Harris, Feinstein, Colleagues Call to Ban Low-Yield Nuclear Missiles Deployment and Extend New START Treaty in Final Defense Authorization Bill

WASHINGTON, D.C. August 21, 2019 –  U.S. Senators Kamala D. Harris (D-CA) and Dianne Feinstein (D-CA) on Tuesday joined Senator Elizabeth Warren (D-MA) and 15 of their Senate colleagues in sending a letter to Senate Armed Services Committee Chairman James M. Inhofe (R-OK) and Ranking Member Jack Reed (D-RI) urging them to include three key nuclear weapons provisions in the final National Defense Authorization Act (NDAA) for Fiscal Year 2020. The provisions, which were included in the House-passed NDAA, would ban the deployment of the W76-2 low-yield nuclear warhead, urge the Trump Administration to extend the New Strategic Arms Reduction Treaty (New START), and prevent an arms race by denying funding for certain types of intermediate-range nuclear missiles following the collapse of the Intermediate-Range Nuclear Forces (INF) Treaty.

In their letter, the senators expressed support for a provision banning the deployment of the W76-2 low-yield nuclear warhead for the Trident D5 submarine-launched ballistic missile, a poorly conceived and ill-advised new nuclear weapon that would reduce the threshold for nuclear use and make nuclear escalation more likely. The senators argued that equipping a Trident missile with a nuclear weapon would put our nuclear armed submarines-our most valuable strategic asset-at risk, since firing such a missile from one of these submarines would risk disclosing their location to our enemies.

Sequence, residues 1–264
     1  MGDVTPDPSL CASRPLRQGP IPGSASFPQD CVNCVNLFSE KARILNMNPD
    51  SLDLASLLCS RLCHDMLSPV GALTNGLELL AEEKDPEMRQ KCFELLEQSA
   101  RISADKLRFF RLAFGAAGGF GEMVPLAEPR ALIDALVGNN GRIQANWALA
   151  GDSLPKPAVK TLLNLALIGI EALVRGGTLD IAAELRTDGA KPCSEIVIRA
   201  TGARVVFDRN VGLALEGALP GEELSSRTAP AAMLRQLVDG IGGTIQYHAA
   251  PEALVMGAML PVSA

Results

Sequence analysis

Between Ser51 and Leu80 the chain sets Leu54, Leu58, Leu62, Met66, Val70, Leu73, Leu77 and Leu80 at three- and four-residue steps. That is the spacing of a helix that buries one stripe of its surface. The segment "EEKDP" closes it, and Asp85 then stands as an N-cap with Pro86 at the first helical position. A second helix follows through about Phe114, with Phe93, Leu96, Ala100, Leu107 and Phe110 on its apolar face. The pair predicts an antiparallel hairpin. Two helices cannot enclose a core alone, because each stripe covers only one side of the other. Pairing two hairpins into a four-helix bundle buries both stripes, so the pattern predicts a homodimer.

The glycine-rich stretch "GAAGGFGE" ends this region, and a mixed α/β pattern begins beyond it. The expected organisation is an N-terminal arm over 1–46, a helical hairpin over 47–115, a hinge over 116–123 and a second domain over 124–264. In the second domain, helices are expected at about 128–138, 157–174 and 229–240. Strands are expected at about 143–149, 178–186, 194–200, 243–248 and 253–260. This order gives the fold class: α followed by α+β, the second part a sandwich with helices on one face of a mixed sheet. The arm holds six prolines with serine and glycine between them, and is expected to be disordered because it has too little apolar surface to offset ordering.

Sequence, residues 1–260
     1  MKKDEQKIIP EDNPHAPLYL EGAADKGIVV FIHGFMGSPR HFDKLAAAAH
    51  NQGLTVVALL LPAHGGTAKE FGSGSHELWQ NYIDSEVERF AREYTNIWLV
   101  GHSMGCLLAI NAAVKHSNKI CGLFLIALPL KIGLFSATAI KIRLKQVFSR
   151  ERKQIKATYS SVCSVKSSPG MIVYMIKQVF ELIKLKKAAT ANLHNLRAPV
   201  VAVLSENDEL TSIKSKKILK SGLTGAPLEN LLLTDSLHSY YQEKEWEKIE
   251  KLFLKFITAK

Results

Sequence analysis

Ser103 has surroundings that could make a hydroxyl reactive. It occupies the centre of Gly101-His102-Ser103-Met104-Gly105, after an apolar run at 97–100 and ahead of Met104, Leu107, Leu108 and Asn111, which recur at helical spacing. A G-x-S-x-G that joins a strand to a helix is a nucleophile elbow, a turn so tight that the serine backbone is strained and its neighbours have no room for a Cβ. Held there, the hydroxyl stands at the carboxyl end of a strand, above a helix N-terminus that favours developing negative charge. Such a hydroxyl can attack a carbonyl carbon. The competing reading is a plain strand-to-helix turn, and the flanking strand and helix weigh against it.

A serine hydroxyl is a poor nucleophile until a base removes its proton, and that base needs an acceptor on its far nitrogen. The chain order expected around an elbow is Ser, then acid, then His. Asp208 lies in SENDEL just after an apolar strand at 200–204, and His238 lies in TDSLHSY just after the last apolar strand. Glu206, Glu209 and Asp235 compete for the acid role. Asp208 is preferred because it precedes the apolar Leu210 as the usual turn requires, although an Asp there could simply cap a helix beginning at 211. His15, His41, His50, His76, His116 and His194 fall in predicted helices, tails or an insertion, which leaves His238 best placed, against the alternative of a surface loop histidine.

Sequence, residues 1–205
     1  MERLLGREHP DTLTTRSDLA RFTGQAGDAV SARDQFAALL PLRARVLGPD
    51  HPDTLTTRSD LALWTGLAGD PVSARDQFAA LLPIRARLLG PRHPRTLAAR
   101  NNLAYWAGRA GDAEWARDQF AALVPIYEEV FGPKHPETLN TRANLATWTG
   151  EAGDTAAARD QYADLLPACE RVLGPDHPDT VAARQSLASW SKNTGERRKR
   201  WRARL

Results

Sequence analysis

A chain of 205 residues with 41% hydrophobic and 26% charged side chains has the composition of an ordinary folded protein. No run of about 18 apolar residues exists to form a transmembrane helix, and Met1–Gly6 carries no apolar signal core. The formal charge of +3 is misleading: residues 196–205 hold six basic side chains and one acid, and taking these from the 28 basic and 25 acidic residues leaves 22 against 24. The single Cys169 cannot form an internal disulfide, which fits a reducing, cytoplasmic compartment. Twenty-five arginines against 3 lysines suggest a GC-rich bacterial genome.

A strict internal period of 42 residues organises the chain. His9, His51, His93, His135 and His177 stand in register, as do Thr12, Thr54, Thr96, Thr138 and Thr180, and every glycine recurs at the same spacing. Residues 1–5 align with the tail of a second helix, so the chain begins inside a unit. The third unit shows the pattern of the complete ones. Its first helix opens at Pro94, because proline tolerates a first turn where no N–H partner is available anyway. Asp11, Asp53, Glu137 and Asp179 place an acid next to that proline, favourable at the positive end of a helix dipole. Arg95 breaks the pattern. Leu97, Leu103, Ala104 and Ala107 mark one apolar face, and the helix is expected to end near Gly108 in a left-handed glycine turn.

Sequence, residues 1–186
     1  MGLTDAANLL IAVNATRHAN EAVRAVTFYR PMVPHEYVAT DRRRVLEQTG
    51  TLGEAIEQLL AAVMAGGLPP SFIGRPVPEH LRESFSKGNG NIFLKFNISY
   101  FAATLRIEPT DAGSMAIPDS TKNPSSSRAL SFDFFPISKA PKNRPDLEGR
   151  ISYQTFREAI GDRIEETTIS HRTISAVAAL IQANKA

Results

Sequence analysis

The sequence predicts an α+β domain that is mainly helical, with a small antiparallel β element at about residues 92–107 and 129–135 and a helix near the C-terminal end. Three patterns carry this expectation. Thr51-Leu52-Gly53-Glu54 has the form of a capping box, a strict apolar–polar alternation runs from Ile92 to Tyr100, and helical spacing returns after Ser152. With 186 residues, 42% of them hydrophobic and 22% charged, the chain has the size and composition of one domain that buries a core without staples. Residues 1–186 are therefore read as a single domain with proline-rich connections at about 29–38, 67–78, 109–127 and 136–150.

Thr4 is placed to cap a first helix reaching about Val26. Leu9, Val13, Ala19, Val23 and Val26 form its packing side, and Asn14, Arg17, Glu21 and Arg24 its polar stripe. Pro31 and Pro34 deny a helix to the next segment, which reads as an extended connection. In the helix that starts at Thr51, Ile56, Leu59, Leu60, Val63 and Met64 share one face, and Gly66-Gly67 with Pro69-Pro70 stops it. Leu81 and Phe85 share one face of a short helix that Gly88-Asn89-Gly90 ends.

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“This warhead is a dangerous, costly, unnecessary, and redundant addition to the U.S. nuclear arsenal,” the senators wrote. “The W76-2 would reduce the threshold for nuclear use and make nuclear escalation more likely.”

The senators also urged Chairman Inhofe and Ranking Member Reed to retain a provision expressing the sense of Congress that the United States should seek to extend New START, now the last remaining arms control treaty in force between the world’s two largest nuclear-armed powers – the United States and Russia. The provision calls for extending the treaty from February 2021 to February 2026, unless Russia is in material breach of the treaty or another arms control agreement with equal or more comprehensive limits and verification provisions supersedes it.

“Not only does New START provide much needed nuclear stability, it also affords the United States with invaluable insight into Russia’s nuclear arsenal,” the senators continued. “Extending the Treaty for another five years would provide a foundation for the Trump Administration to achieve its goal of negotiating more comprehensive follow on arms control agreements.”

Finally, the senators called on Inhofe and Reed to include a provision that aims to prevent an arms race in the European or Asian theaters following the collapse of the INF Treaty. The provision denies funding for new INF-type missiles until pragmatic diplomatic and strategic planning steps are taken.

“The United States and its NATO allies can and must respond to Russia’s violation of the INF Treaty, but we must do so in a way that does not contribute to a renewed arms race or drive a wedge in our existing alliances,” the senators wrote.

Joining Harris, Feinstein, and Warren in sending the letter were Senators Richard Durbin (D-IL), Edward J. Markey (D-MA), Chris Van Hollen (D-MD), Jeff Merkley (D-OR), Bernie Sanders (I-VT), Kirsten Gillibrand (D-NY), Ben Cardin (D-MD), Mazie Hirono (D-HI), Tammy Baldwin (D-WI), Brian Schatz (D-HI), Ron Wyden (D-OR), Sherrod Brown (D-OH), Patty Murray (D-WA), Cory Booker (D-NJ), and Amy Klobuchar (D-MN).

Full text of the letter can be found HERE.